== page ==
Candidate Kristine Enea, an attorney and a former RAB member, chairs the India Basin Neighborhood Association, which administers a US EPA grant to hire experts to translate the Navy’s cleanup documents into plain English and comment on them She was frustrated by the Navy’s decision to dissolve the RAB.

“The lack of a forum does nothing to bolster the community’s trust in the cleanup or the redevelopment process,” Enea said.

Enea generally supports the Lennar project, but has concerns about whether it will adequately mitigate increased car traffic, or result in commercial development that benefits her neighborhood.

“India basin is a pocket of Hunters Point right along the shoreline,” Enea said. “Right now, we have no shops or restaurants, no ATM, no groceries, nothing beyond one liquor store and a few industrial businesses.

Potrero Boosters president Tony Kelly told us that District 10 residents can think for themselves. “D10 residents don’t need to rely on corporations to solve their problems,” he said.

“Folks in the eastern neighborhoods came up with a better revitalization plan than what the city proposed and community activists managed to close the power plant, after the city said it was impossible,” Kelly recalled.

And there’s no shortage of good ideas.

Kelly suggested that an urban agriculture center could immediately put low-skilled folks to work by erecting greenhouses on unused land. Smith said the industrial zone could be “incredible eco-park made from sustainable sources.

‘D 10 is the dumping ground for everything, including all the city’s waste,” he said. “We could be a shining example, not just for D 10, but the rest of the state.”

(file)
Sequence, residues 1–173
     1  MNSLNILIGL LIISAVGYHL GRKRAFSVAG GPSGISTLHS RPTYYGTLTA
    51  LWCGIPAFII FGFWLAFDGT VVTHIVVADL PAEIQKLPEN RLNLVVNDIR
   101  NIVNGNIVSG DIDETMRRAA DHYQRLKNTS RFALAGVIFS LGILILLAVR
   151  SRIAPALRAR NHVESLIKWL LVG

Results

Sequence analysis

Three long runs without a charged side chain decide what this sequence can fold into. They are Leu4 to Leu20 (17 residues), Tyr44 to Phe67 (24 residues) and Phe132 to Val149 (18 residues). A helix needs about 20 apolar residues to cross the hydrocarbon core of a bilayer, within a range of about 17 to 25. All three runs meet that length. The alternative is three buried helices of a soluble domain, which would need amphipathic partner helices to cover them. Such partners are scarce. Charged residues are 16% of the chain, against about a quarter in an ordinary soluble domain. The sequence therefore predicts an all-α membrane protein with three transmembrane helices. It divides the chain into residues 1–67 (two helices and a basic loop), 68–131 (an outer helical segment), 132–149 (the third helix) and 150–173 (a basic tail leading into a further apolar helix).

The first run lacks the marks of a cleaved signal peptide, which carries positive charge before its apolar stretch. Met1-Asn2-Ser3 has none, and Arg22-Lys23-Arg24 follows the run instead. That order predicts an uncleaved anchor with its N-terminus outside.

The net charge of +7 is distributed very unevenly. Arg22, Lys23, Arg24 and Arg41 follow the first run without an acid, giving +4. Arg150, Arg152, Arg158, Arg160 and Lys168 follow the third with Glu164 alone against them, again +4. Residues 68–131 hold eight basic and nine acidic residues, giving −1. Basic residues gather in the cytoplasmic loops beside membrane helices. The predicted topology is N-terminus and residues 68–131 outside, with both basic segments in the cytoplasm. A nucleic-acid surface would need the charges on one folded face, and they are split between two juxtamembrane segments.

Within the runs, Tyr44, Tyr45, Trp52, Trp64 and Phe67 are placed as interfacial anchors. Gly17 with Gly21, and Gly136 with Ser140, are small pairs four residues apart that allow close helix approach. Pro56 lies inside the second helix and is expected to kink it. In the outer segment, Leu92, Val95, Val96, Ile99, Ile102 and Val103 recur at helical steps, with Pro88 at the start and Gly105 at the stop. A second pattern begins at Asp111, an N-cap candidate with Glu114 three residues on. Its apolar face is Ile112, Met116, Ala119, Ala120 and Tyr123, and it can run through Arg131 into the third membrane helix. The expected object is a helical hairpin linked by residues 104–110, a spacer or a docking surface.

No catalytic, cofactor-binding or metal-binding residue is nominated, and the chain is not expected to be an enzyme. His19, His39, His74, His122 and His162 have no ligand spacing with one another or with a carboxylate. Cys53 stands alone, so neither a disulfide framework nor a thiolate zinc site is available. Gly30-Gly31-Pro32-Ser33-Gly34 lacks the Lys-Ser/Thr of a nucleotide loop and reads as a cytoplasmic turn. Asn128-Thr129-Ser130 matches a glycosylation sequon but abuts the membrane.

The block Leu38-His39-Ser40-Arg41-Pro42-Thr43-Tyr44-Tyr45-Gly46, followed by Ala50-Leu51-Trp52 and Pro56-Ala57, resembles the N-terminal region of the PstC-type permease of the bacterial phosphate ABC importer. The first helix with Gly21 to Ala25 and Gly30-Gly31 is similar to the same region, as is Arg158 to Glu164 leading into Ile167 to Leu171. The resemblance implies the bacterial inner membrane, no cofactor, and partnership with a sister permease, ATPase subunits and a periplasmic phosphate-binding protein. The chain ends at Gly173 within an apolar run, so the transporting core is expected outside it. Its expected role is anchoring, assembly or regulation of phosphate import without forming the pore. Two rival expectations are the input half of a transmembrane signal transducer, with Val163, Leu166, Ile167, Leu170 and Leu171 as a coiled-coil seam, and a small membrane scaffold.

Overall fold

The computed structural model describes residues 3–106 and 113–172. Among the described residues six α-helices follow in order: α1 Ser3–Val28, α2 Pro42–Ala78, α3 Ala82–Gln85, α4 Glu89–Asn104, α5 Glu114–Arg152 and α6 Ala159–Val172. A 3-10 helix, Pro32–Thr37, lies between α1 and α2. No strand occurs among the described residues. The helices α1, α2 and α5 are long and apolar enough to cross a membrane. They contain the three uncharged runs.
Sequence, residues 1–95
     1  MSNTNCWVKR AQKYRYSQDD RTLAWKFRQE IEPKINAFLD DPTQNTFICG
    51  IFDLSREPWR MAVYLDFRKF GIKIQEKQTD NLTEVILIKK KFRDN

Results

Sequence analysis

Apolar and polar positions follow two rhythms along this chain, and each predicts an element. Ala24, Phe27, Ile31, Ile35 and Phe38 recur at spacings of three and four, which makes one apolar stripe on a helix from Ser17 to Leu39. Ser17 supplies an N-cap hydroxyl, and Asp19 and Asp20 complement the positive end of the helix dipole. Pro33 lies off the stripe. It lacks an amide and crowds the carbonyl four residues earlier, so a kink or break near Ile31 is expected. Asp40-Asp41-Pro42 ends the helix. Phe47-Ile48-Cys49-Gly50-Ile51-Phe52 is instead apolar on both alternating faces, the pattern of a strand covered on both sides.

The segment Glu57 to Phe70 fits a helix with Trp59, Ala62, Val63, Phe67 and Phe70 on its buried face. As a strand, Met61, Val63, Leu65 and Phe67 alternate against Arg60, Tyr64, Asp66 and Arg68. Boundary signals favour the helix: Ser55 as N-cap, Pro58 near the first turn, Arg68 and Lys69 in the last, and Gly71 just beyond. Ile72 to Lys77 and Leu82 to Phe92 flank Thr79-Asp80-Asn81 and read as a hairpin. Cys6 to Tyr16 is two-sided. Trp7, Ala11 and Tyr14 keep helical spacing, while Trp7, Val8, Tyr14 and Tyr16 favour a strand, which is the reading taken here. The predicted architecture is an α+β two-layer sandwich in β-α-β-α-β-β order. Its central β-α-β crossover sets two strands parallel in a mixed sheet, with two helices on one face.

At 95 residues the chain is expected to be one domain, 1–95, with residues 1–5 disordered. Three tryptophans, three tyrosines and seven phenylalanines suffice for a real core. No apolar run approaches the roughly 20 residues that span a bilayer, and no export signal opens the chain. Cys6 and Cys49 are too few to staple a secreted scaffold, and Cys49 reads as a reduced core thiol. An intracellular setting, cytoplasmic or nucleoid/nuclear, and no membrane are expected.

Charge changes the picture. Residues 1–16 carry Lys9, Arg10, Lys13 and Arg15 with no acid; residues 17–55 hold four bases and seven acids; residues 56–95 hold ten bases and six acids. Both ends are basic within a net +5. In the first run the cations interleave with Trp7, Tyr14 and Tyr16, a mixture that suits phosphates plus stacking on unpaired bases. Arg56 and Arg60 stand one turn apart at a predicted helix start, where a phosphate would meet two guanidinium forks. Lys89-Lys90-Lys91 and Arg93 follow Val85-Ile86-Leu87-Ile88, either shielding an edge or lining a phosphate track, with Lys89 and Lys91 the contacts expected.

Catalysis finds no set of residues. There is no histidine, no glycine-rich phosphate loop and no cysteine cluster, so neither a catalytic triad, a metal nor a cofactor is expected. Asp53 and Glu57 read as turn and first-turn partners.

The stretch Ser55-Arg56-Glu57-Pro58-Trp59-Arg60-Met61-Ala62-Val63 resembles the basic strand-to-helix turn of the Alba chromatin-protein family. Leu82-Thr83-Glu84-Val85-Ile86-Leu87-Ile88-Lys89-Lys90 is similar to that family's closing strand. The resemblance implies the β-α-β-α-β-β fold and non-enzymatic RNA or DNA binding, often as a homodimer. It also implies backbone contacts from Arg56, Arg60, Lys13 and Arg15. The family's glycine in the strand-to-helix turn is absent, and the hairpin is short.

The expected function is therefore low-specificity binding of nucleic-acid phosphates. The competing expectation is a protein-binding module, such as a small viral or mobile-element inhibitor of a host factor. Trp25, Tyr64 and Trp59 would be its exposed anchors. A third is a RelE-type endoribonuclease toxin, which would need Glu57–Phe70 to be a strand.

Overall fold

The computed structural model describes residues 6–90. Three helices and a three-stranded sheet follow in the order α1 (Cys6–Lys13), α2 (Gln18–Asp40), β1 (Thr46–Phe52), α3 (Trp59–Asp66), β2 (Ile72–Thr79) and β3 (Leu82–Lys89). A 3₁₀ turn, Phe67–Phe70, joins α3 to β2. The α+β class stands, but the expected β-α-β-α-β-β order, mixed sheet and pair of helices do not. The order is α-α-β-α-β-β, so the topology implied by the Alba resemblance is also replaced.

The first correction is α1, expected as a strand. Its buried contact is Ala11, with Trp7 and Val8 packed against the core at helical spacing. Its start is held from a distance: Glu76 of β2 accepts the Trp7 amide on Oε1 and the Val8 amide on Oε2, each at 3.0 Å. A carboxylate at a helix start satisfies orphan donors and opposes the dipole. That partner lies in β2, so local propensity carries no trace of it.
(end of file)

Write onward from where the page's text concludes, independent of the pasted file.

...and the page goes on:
The D 10 candidate line up includes Calloway, Cohen, Donaldson, Smith, Enea: civil rights attorney Dewitt Lacy, Morris, Potrero View publisher Steve Moss; District 7 BART director Lynette Sweet, Wesley-Smith. Bill Barnes, who works for Sup. Michela Alioto-Pier, and Linda Richardson, who was appointed to the Human Rights Commission in 2007 by Mayor Newsom, have also expressed interest in the race.

In such a huge field, name identification will play a major role. Sweet is in office, but BART Board is not a high-profile job and won’t give her a huge advantage.

Cohen has a slight edge right now in that she’s raised $18,505, including $500 from former Newsom flak Peter Ragone, making her the first D. 10 candidate to qualify for campaign financing. The oldest of five girls, Cohen recalls how her mother got laid off from her city job as a school-based mental health worker and then rehired, as part of the city’s budget cuts.

“We felt that pinch and the frustrating games that are played out between the leadership and the rank and file,” she said.

Cohen who worked for Newsom in his first term as mayor, but has since left his administration , said she is uncomfortable at being framed as Newsom’s candidate.

“Because I’m not, but I am one of the few candidates who has seen how the mayor and the Board work—and don’t work—together,” she said.

Moss sees the city’s southeast as a “district in transition.” Over coffee at Farley’s in Potrero Hill, he told me that the southeastern neighborhoods could be “launching pads for environmentally sustainable growth.”

“The district’s been in a frozen period for 30 years, But despite the problems, people are deeply committed to and in love with their community.

“This district is the future of San Francisco and its social fabric—the diversity, income –and its problems are leftovers from the city’s industrial age.”





Total Acres: 5,650

Average household income: $85,000

Population: 73,000

Registered voters: 37,700

Average housing price: $335,000

Ethnicity (2003 figures): Asian 32%, African American, 27%, white 21%, Hispanic 17%

Development status of land: 18% residential, 38% is commercial, 38% undevelopable

All figures the latest available. Sources: SFGIS, Association of Bay Area Governments, U.S. Census, California Urban Issues Project. Ethnicity and income data is from 2003 and almost certainly has changed.